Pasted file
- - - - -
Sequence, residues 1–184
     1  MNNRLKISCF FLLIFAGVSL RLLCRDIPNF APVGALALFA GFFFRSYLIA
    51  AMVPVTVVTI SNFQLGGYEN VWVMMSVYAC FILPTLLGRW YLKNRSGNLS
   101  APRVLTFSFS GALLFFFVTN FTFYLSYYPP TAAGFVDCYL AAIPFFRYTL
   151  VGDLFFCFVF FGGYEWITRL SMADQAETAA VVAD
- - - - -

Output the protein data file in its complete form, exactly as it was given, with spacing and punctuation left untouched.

Sequence, residues 1–184
     1  MNNRLKISCF FLLIFAGVSL RLLCRDIPNF APVGALALFA GFFFRSYLIA
    51  AMVPVTVVTI SNFQLGGYEN VWVMMSVYAC FILPTLLGRW YLKNRSGNLS
   101  APRVLTFSFS GALLFFFVTN FTFYLSYYPP TAAGFVDCYL AAIPFFRYTL
   151  VGDLFFCFVF FGGYEWITRL SMADQAETAA VVAD